Eligio "Kika" de la Garza: A Mexican-American Agricultural Revolutionary
The United States Department of Agriculture (USDA) recognizes the contributions of Latinos in the country's agriculture industry.
The photo of Representative Eligio "Kika" de la Garza is posted in the Library of Congress to honor him as the Chairman of the Committee on Agriculture. He is a Mexican-American from Texas who has lots of contributions to the nation's agriculture industry. He did not only support trade and rural economic development, but he also spearheaded in the House to pass federal reforms on pesticide laws, overhaul the agricultural lending system, crop insurance reform, and a major reorganization of the USDA. Moreover, he also passed three farm bills and countless measures that helped improve human nutrition.
During the time of de la Garza as the chairman of the Committee on Agriculture, he passed agriculture-related laws from 1981 to 1984 that did not only benefit Latinos living in the country, but all farmers. One of the laws that he passed was the Agriculture Credit Act of 1987 that aimed to provide crucial assistance to the struggling farm credit lending institutions.
He also became instrumental in nurturing the U.S.-Mexico trade relations and he has served as a key player in the North American Trade Agreement (NAFTA) and helped to expand the agreements that impacted commodity tradings for U.S. farmers and consumers, also known as General Agreement on Tariffs and Trades. (GATT). The Mexican-American representative has also served as a founding member and the chair from 1989 to 1991 of the Congressional Hispanic Caucus Insitute.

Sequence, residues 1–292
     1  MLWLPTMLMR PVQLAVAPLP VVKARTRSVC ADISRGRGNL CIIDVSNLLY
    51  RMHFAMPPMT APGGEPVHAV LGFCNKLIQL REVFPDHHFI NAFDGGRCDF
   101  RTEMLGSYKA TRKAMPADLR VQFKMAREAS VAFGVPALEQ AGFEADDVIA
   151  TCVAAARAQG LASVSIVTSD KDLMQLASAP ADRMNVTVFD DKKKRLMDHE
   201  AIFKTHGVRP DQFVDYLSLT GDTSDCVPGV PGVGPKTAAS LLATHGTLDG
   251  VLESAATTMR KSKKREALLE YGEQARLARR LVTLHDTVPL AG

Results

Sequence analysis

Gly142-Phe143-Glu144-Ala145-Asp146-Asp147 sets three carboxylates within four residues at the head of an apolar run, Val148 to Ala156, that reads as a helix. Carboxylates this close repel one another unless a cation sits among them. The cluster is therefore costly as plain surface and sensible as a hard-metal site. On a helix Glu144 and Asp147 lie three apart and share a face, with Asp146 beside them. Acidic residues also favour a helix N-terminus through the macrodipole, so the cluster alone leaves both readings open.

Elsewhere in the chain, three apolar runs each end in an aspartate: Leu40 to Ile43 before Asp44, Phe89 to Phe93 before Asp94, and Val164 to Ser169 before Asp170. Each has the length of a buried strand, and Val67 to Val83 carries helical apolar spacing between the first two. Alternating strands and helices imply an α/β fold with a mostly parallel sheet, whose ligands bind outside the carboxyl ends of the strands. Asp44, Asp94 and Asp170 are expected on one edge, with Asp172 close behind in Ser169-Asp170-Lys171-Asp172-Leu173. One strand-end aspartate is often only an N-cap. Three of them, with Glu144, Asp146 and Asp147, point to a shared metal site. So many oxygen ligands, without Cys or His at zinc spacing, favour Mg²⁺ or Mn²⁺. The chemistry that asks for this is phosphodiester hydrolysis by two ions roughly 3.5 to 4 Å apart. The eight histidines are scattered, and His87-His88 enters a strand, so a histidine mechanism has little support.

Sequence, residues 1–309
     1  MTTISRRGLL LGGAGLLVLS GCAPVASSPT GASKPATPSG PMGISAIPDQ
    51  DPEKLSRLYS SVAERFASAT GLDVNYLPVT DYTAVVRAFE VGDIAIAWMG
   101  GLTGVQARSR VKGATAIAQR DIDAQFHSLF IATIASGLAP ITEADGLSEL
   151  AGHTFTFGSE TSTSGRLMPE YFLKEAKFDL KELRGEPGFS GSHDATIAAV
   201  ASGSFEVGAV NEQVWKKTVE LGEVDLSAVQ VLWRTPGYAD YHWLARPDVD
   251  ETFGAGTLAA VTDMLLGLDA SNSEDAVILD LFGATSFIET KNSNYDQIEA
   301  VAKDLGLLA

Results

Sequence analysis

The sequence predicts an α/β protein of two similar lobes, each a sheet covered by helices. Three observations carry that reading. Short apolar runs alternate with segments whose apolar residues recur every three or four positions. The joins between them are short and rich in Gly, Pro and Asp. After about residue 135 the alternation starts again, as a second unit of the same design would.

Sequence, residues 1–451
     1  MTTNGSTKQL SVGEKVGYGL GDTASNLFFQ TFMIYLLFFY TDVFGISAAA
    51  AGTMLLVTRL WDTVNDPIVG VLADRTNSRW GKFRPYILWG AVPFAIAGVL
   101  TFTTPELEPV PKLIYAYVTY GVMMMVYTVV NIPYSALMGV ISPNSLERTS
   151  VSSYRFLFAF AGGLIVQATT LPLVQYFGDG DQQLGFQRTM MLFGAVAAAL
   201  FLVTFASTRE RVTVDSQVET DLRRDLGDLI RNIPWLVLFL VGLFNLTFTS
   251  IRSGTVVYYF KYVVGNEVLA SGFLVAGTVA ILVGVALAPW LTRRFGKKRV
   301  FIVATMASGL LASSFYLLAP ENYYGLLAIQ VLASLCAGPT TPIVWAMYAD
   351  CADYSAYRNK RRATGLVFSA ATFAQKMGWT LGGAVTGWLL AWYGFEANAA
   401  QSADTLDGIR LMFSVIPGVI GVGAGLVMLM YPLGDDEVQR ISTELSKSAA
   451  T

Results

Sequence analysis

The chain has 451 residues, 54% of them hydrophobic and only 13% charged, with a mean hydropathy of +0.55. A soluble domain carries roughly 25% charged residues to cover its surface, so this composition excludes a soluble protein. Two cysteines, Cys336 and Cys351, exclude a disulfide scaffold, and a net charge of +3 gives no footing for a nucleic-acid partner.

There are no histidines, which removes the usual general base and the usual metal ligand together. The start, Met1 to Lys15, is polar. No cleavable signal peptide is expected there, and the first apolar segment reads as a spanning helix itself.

Latinos have been an integral part and played an important role in the country's agriculture sector. In a recent report in the Census of Agriculture, it was found that there is an increase of 14 percent of Latino origin farmers that include Latino farm owners, managers, tenants, renters, or even sharecroppers. This only means that Latinos in the United States have great impacts and contributions to the country's agriculture industry.
The USDA also posted on their website that they continued the legacy of de la Garza and other Hispanic leaders in terms of the reforms they made in agriculture. They created a team that traveled across the country and reached out to the small and disadvantaged farmers not only for the Latino community but in all races and ethnicities in general.
Their main mission is to make sure that the agency's vision which is to promote the services of the agency will be easily understood and accessed. To make it more effective, they make sure that there are webinars, brochures, and other items are in the Spanish language.
The USDA's Agriculture Marketing Service (AMS) attended also different events to make sure that participants know about the available job opportunities. Through this, the AMS will let the national leaders, educators, elected officials, and other persons concerned know the critical issues and the country is facing most especially in agriculture.
USDA hopes to develop more leaders like de la Garza. They help support students and children from different races and ethnicities for their academic success. The USDA has sponsored the first Hispanic Youth Symposium in 2004 that has served more than 3,700 students.
Moreover, the AMS will continue its outreach to the Latino community and encourage everyone to continue the lasting contributions of Latinos and Hispanics in the agriculture sector.
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